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HR leaders are embracing AI to address talent scarcity

By Kace O'Neill | |5 minute read
Hr Leaders Are Embracing Ai To Address Talent Scarcity

As artificial intelligence (AI) continues to grow in the workplace, HR leaders are beginning to utilise its unique abilities to enhance all aspects of their talent management.

According to the Randstad Enterprise Talent report, the majority of talent leaders (86 per cent) agree that AI, in conjunction with big data, is enhancing all aspects of talent management. This has led to three in five (61 per cent) planning to expand budgets for AI, machine learning and automation, displaying the urgency to integrate new technology with their business outcomes.

AI is paving a new way towards productivity across a wide range of aspects. This is especially so in talent management, as 86 per cent agreed that it directly enhances talent attraction, engagement, and retention.


When it comes to use cases, the vast majority of businesses are adopting AI tools to help find gaps within the workforce and identify opportunities for talent mobility (86 per cent and 88 per cent). One in three (35 per cent) is also deploying AI to identify high-potential employees for promotion and even leadership opportunities, which could have previously been a strenuous task.

In terms of the tools that HR leaders are pursuing to develop, AI search and match is at the top of the list, with almost three-quarters (73 per cent) having invested in this form of technology. A similar number are also developing chatbots or text screening (71 per cent), which have become popular tools across industries.

Although all industries and businesses are getting caught up in this AI avalanche, there are still a number of concerns from employees and leaders over the speed at which organisations are fast-tracking the implementation of a technology that a number of people lack expertise in.

While three in five of HR leaders are planning that increase in budget, seven in 10 (69 per cent) are concerned that digital transformation is moving at such a rapid pace that they cannot keep up. This comes at a time when the large majority (82 per cent) are reporting an increasing skills gap, and three-quarters (76 per cent) are being asked to do more with less.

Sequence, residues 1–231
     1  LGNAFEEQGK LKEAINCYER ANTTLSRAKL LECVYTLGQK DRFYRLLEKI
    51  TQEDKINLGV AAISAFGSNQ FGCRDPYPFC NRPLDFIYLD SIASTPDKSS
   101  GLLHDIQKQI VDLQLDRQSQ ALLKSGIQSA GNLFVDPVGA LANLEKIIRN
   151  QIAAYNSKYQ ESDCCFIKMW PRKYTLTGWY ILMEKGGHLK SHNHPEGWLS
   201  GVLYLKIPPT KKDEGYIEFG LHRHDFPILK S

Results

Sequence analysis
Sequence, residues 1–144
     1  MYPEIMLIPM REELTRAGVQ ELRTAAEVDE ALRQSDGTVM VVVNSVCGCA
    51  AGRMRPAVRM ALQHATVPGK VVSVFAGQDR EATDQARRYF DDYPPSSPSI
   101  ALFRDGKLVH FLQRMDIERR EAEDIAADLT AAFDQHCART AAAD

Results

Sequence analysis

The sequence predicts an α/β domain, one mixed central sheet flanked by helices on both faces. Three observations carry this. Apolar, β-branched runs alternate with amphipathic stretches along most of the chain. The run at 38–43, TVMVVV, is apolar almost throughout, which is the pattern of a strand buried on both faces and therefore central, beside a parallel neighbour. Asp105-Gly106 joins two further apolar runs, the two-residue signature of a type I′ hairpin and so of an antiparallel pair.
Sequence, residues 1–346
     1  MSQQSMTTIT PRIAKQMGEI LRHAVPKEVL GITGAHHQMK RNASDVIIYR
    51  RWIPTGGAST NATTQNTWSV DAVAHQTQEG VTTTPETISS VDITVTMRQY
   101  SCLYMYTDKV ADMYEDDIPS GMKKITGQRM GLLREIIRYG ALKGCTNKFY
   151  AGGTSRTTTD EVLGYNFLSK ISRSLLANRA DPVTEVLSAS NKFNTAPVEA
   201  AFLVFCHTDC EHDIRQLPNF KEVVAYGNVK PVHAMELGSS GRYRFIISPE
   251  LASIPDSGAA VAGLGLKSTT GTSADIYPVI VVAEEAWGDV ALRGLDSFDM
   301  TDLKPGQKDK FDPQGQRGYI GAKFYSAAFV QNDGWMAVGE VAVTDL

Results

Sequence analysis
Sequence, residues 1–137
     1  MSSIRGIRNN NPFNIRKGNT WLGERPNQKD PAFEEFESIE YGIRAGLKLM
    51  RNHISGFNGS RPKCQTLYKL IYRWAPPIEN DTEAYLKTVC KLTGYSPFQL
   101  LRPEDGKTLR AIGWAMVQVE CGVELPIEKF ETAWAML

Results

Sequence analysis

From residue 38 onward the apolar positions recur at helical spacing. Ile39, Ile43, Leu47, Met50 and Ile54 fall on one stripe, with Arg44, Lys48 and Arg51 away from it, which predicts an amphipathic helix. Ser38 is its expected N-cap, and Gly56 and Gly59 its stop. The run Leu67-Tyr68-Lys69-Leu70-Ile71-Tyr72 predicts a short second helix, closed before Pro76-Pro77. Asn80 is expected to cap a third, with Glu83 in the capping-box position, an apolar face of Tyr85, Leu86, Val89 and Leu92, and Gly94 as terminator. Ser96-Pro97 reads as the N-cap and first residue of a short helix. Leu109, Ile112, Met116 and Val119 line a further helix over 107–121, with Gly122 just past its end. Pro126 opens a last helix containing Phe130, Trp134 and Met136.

HR Leader spoke to Dr Rebecca Hinds, head of the Work Innovation Lab, on the speed at which AI is developing in the workplace and how leaders and employees can navigate it.

“A big key is learning and development and understanding how you work with AI. We’ve done a couple of experiments where we’ve tested what happens when workers are asked to use AI for every possible task, and what I love about those experiments is they consistently show that it’s not just an understanding of what AI can do but also what AI can’t do,” Hinds said.

“That’s critical to getting the adoption and having employees understand where it can enhance their capabilities and where their uniquely human capacities still reign strong.”

Another concern that is raising eyebrows is over-reliance on such tools. Close to 40 per cent of HR leaders fear that themselves and their employees may become too reliant on AI, excluding the human factor that makes the whole integration tick.

Unconscious bias also remains a key consideration, with one in five (20 per cent) reporting they are concerned about the risks of AI amplifying bias or being used irresponsibly, unfairly, or unethically.

David Owens, founder and managing director of HR Partners by Randstad, commented: “Our research shows we are firmly in an age when artificial and human intelligence can together achieve an optimised workforce unlike any before it.”

“While HR leaders must continue to urgently adopt innovative strategies to ensure agility in a rapidly transforming global employment market – particularly as the skills gap continues to widen – the question is how can they do it feasibly and ethically. Retaining the human element within the human resources will be a key step to maximising the potential of these technologies.”

Kace O'Neill

Kace O'Neill

Kace O'Neill is a Graduate Journalist for HR Leader. Kace studied Media Communications and Maori studies at the University of Otago, he has a passion for sports and storytelling.